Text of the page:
Waves of sound swim into your brain and vibrate vision. They push you to the canvas on the wall, into which you sink. Primordial wind embraces you as you stand among the black and tilting stones. The moon is pale, like a taper in a secret room. You feel its cool glow upon your fevered eyes. the eyes that watch the form that rises from its oblong granite bed. Beside it, another thing arises, black and formless, held in abeyance by the hand that soothes its hunger. They flow to you, these shadows,one so pale the other black as nightmare. Her tiny hand touches the relic at your breast and she admires herself on the surface of a vintage lens. Glancing down, you see how the moonlight plays upon the tiny symbol that has been etched onto the sphere of glass. You watch her white hand release the relic and rise to touch your eyes. You feel the nail that pricks your forehead and etches thereon the Elder Sign, and you smile as she lowers her hand so that the shadow-thing can lap your blood that stains it. That shaggy shadow rises next to its mistress, the faceless shadow that wears the sign upon the surface where a face should be.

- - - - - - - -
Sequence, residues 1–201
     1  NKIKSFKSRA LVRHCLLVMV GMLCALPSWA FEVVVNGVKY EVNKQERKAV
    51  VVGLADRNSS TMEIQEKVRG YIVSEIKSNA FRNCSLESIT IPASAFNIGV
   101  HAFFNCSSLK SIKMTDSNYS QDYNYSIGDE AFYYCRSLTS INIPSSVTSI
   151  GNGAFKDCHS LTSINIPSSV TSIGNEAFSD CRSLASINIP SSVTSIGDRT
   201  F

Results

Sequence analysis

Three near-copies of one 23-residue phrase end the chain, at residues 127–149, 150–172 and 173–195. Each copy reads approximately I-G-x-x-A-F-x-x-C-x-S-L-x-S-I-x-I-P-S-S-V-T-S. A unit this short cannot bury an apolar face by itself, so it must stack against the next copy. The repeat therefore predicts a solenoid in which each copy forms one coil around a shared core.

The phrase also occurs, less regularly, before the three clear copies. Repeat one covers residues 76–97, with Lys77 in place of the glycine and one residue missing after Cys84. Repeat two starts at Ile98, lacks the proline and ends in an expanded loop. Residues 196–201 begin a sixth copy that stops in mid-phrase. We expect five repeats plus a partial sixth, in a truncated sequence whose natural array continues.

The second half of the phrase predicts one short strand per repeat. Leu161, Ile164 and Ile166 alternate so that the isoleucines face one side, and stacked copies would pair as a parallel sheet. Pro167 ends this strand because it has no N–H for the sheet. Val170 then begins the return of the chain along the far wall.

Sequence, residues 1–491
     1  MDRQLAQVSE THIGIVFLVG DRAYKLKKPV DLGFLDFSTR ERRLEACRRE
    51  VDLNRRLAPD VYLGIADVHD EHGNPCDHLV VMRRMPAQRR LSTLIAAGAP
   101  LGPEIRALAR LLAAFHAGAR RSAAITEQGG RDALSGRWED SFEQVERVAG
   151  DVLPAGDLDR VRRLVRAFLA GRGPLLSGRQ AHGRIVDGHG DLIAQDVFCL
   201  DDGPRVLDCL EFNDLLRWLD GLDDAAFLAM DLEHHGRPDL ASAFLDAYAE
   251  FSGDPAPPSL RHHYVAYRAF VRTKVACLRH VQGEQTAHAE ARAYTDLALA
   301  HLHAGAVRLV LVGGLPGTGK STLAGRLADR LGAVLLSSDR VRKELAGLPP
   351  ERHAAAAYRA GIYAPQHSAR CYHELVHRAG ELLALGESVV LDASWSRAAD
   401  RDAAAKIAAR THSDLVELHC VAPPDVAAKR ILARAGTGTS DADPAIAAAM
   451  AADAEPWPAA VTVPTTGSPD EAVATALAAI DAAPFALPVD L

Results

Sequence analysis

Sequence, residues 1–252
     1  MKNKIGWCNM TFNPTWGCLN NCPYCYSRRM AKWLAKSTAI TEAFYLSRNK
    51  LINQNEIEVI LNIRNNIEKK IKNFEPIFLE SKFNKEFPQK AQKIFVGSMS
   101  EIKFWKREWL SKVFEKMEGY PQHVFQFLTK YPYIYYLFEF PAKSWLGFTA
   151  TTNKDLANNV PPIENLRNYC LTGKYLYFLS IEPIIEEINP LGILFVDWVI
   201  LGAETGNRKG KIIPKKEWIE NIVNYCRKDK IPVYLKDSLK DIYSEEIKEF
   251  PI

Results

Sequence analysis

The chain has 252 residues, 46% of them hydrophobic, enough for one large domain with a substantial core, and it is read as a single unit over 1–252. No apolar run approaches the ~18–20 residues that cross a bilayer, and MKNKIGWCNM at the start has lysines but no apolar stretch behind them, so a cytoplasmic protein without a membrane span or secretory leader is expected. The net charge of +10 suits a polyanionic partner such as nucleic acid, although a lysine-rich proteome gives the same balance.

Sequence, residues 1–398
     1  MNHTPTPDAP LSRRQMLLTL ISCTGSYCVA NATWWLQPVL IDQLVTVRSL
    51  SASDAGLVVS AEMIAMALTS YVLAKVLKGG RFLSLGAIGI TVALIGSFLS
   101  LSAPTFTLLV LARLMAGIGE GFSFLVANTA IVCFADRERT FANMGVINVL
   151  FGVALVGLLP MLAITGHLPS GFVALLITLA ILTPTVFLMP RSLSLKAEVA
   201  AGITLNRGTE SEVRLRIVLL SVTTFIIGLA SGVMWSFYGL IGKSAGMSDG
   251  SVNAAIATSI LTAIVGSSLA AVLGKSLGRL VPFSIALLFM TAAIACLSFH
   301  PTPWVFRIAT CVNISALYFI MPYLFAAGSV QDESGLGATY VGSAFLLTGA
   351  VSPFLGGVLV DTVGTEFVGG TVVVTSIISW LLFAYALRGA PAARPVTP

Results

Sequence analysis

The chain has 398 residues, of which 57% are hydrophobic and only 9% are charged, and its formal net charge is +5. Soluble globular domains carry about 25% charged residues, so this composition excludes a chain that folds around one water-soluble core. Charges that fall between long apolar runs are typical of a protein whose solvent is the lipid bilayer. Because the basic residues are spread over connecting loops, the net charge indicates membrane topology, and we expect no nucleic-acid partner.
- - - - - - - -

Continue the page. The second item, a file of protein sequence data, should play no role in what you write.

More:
You shut your eyes and lean against the venerable tree as the creatures bend to you, their hungry tongues upon your throat.

* * * * * * * * * * * ** ** * * * * **

Blast! Typing that I found some typos that I don't remember catching when I proofed "Uncommon Places" the final time, in the proof copy of the Centipede Press omnibus. Now I have to hunt for those proof pages I kept (where the hell did I stash them?) and see. I want that book to be as error-free as possible, but a little voice of depression and dispair tells me, "Ha ha! & it's all gonna be your fault!